Anyone who is a teacher knows just how much really goes into teaching. On a good day, it can be a hard and rewarding job. When you are the one responsible for molding the up-and-coming teachers, however, there is an added pressure. Whether you are a veteran teacher or a newbie, it never hurts to go over some basic, solid teaching advice.
Writers are definitely good at creating new words. It is one thing to just invent a word, but it is a whole other thing to create a great word that will be widely used by future generations.
You’ve already finished high school. You’ve left home and become a college or university student. The world seems to be yours and you are the best person to shape your destiny. Whoa. Not that fast. Although your educators say “Carpe diem” (meaning to grasp the chance you’ve got now), they expect heaps of things from you. How can you “carpe diem” when you have so much to learn? It’s a question each student cares about.
Rhetoric is the art of public speaking and persuasion. Recorded centuries ago in Ancient Greece, it was taught at almost all the universities as a classical subject. It’s a part of becoming a leader and sharing your ideas in front of audiences.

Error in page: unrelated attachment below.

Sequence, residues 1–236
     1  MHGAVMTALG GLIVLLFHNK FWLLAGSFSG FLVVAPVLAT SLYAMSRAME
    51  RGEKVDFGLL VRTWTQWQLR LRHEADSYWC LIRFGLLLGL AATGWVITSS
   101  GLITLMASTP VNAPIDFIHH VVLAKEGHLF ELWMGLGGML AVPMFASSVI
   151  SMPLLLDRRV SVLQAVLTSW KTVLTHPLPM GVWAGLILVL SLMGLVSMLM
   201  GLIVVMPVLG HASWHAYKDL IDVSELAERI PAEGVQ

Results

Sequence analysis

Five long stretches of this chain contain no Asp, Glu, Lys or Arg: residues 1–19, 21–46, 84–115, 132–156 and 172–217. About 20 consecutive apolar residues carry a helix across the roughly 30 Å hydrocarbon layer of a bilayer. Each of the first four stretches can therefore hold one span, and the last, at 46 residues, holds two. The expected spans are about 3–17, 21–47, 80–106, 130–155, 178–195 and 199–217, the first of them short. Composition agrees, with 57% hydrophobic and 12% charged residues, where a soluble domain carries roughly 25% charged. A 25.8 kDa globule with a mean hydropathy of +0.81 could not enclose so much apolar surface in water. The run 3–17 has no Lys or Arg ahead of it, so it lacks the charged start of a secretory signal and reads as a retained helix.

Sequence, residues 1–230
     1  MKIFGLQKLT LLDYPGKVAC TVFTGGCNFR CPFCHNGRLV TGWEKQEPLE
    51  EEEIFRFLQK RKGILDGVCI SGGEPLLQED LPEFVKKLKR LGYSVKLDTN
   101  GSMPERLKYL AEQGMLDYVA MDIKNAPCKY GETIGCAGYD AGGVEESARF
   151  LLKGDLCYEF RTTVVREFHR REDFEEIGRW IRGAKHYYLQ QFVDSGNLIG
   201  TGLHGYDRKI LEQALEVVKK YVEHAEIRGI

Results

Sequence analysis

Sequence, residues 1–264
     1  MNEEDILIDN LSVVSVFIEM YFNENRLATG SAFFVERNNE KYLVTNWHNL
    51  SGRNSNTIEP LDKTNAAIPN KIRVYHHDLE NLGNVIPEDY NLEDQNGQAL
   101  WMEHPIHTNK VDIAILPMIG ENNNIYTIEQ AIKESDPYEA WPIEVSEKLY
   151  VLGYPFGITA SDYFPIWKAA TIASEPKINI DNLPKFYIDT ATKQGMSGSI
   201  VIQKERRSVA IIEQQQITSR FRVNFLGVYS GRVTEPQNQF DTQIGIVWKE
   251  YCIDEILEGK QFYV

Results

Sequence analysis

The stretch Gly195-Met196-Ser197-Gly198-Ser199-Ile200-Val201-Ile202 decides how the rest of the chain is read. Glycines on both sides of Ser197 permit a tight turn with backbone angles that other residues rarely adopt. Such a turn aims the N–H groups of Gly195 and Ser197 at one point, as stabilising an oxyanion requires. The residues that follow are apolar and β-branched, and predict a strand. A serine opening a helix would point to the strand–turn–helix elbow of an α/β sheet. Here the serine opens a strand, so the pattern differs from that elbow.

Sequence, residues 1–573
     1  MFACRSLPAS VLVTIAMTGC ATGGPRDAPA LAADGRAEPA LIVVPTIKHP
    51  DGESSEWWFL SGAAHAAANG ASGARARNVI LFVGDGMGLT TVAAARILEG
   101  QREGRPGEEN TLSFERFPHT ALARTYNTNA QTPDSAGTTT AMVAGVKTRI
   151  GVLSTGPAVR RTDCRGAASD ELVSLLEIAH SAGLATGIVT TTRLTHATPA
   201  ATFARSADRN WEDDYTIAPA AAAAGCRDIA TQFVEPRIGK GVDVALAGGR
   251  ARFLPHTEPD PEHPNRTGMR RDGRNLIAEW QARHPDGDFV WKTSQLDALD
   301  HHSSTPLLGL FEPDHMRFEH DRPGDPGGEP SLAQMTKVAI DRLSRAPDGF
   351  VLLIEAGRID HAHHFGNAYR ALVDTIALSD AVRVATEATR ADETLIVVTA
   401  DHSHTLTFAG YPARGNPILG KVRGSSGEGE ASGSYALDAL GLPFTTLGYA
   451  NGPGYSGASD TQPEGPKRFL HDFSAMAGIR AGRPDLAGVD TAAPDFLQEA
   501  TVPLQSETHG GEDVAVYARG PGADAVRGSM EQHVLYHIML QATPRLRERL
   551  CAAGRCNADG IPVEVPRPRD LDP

While I was working on my MFA, I taught English 101 and 102 to college students (plus a few upper-level creative writing courses and senior capstone projects). Though I decided to take a different path in my career once I earned my degree, I’ll always be grateful for the time I spent in those classrooms. I had only just graduated from college myself and was sometimes younger than some of my students, and it didn’t help that I wasn’t really “over” being an undergraduate student yet.
As a student, you might wonder why use libraries, if so much information you can access on the web for free. Here’s an answer: To find quality facts online is quite often too time-consuming. You can’t always know for sure who’s the author and therefore include him or her into the reference-list of your paper.
How often do you notice that students are dissatisfied or annoyed because of their educators? Was it because they were too strict or unfair? There is a long list of educators’ personality traits that irritate even the most patient students. However, you also know the old saying, “If you try to please all, you will please none.”
Currently it seems that “plagiarism” has become the new trend among many of the famous filmmakers, artists or writers. The moment their scenarios, films and books grow in popularity, the fans are confused by the fact that something they truly believed to have been created by their “favorite” was just another duplication. At the same time, there are many who would like to take advantage of someone else’s achievements.